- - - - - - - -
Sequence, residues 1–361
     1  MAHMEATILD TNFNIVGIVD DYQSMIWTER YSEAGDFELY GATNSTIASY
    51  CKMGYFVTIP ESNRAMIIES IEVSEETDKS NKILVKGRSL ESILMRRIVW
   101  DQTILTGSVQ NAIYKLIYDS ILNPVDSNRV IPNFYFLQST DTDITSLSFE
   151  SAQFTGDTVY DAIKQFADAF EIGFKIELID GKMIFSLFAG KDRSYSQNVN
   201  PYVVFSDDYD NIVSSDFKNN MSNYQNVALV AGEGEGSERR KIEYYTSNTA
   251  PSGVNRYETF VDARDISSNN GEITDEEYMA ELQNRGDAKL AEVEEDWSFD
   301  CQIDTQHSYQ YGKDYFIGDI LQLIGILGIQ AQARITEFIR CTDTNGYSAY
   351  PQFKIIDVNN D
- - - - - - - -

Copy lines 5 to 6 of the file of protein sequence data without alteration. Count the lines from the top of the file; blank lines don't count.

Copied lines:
   151  SAQFTGDTVY DAIKQFADAF EIGFKIELID GKMIFSLFAG KDRSYSQNVN
   201  PYVVFSDDYD NIVSSDFKNN MSNYQNVALV AGEGEGSERR KIEYYTSNTA